“But if we’re playing left and right,” Boston said of himself and Bethea, “you don’t know which one of us is going to be that guy that goes to the post. You don’t know which one of us is going to the box. We might play strong one time, free the other. It’s interchangeable, man. Again, not a lot of teams can do that. Teams try to do that, but when you have two veteran safeties, you’re able to do it. I think it’s going to help us a lot in the long run.”
Boston and Bethea each had a career-high five interceptions last season and contend they could have even more this year in the Cardinals’ new defense. Bethea, in fact, is banking on it.
“Who knows how many we could end up with,” he said. “There’s definitely going to be opportunities out there for us, so it’s just up to us to capitalize on them. I haven’t blitzed much before just because of the systems I’ve been in, but in this system, the secondary blitzes a lot, so I’m excited to be able to get into those situations, too.”
Baker, 22, will be just as interchangeable as Boston and Bethea in that he’ll constantly rotate around. He’ll go from nickel safety to falling back to cover the post. There will be times when he will act more like a third outside cornerback and times when he moves up to play like an inside linebacker. It’s a multifaceted role Baker excelled at in high school and in college.
“Oh man, the coaches have given me a lot of things to do and I’m excited about it,” he said. “I mean, I’ve been doing it my whole life. I’m just excited to be with A.B. and Tre. They’re veterans and they’ve been making plays for years. I’m excited for what we have coming.”
Baker isn’t big – he’s only 5 feet, 10 inches tall – but he has the physicality, tackling ability and the coverage skills to more than adequately handle the position, according to Wilks, who said: “He’ll be fine in there. He’s very interchangeable, so we’re going to be able to move him around as well.”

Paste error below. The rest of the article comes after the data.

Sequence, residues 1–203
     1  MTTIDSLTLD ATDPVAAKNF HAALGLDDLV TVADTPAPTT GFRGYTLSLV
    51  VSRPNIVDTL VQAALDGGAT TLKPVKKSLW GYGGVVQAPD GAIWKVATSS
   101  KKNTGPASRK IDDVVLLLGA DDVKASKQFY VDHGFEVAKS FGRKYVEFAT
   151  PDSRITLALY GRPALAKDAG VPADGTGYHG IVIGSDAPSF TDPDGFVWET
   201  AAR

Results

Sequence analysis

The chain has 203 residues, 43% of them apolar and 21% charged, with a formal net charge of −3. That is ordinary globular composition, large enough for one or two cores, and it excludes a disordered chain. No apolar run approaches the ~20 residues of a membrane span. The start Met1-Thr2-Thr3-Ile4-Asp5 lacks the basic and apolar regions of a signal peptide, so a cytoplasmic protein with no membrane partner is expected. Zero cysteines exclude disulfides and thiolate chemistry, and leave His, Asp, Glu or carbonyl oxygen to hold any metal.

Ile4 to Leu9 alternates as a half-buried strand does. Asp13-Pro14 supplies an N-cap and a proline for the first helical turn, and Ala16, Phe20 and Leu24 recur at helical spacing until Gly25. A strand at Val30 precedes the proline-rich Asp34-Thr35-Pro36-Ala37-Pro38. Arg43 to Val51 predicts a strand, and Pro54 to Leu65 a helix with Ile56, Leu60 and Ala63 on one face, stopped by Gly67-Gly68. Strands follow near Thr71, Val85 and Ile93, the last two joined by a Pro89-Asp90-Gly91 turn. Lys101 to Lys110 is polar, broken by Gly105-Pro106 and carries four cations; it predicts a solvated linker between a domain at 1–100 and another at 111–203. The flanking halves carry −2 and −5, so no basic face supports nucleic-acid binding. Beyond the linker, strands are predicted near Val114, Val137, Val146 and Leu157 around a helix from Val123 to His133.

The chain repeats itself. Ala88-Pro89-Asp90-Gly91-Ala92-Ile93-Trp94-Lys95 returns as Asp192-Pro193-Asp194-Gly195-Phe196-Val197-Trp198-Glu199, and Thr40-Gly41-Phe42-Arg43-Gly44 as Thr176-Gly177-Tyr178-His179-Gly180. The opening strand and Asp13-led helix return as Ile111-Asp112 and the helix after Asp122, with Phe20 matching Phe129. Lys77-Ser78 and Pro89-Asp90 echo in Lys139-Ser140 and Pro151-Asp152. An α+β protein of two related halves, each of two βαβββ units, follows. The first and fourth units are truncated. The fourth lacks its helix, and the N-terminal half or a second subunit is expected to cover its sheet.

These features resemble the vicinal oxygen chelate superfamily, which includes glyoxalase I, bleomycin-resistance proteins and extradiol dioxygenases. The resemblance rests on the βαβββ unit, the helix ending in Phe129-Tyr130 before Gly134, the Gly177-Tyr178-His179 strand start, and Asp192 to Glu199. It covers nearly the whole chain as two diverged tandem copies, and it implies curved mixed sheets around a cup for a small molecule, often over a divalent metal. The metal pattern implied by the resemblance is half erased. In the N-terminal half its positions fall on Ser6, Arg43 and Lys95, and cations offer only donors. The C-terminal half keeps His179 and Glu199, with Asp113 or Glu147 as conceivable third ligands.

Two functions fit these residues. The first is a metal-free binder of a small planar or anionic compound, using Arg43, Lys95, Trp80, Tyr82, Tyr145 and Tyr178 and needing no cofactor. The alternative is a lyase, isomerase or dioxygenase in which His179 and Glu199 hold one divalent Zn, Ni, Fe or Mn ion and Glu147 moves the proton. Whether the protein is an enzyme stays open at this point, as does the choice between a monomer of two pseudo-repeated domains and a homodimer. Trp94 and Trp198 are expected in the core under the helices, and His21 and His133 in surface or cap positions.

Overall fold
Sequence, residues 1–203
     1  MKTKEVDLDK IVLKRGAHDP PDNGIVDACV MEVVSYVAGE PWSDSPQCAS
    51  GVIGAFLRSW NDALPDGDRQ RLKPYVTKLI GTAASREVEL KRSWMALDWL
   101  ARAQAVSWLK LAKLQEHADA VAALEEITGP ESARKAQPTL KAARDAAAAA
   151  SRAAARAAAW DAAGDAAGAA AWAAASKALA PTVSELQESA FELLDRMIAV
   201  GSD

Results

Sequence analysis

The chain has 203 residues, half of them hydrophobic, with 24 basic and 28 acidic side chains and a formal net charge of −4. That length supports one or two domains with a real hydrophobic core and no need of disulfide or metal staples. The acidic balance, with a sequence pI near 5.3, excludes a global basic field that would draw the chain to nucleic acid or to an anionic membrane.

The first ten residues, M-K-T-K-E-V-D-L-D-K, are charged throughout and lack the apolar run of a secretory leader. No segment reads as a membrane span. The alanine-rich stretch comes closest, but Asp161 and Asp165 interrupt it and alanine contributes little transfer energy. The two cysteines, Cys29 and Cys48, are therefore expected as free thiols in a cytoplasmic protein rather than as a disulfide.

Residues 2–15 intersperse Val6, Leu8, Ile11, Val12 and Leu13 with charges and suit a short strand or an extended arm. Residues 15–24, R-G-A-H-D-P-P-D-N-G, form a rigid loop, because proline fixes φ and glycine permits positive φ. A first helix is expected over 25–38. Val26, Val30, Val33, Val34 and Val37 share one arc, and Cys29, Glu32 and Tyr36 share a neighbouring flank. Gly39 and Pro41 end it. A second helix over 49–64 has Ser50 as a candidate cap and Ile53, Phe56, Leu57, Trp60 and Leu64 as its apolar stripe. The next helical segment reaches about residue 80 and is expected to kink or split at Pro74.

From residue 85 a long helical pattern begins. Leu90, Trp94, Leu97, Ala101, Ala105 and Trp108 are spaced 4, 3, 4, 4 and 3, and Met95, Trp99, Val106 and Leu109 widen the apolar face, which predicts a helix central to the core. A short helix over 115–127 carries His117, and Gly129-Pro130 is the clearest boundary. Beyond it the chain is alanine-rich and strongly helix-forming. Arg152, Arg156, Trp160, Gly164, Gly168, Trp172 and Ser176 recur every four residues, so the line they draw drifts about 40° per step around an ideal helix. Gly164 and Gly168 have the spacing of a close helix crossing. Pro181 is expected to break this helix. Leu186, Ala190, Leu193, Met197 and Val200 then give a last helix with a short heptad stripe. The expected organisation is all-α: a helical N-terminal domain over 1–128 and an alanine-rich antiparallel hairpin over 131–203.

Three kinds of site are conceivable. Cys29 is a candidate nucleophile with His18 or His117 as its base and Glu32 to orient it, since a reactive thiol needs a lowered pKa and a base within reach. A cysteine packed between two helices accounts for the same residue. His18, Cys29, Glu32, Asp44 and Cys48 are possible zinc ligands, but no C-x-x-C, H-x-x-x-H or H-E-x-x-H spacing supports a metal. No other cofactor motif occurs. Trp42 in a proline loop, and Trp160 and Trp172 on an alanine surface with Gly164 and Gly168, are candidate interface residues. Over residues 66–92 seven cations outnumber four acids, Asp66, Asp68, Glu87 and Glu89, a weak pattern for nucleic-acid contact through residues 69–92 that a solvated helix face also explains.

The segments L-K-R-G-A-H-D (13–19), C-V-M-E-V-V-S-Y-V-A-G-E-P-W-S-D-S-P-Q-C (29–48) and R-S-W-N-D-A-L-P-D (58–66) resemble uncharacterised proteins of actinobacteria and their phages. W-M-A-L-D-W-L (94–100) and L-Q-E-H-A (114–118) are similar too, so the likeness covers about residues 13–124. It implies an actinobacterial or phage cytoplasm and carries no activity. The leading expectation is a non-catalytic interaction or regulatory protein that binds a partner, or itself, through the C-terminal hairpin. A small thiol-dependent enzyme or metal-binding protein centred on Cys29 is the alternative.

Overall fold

The real key to “The Interchangeables,” everyone from star wide receiver Larry Fitzgerald to shutdown cornerback Patrick Peterson agrees, is the intangible elements Boston brings to the entire group, including the backups. Boston knows this defense better than any of them because he learned it under Wilks back in Carolina. He can help teach it here and point out the finer nuances of the system to his new teammates.
“It gives us another brain that has a real clarity of the defense,” Peterson said.
Boston also gives the Cardinals another voice.
“Anytime you get a guy that’s been in your system that really understands the details and the concepts you’re trying to get done, he’s really an extension of your voice, particularly in the locker room, the walk-through, when coaches aren’t around,” Wilks said. “He can lay down that foundation and you can see it already with the things he’s doing out there. We’re very excited to have him.”
Reach McManaman at [email protected]. Follow him on Twitter @azbobbymac and listen to him live every Tuesday afternoon between 3-6 on 1580-AM The Fanatic with Roc and Manuch and every Wednesday afternoon between 1-3 on Fox Sports 910-AM on The Freaks with Kenny and Crash.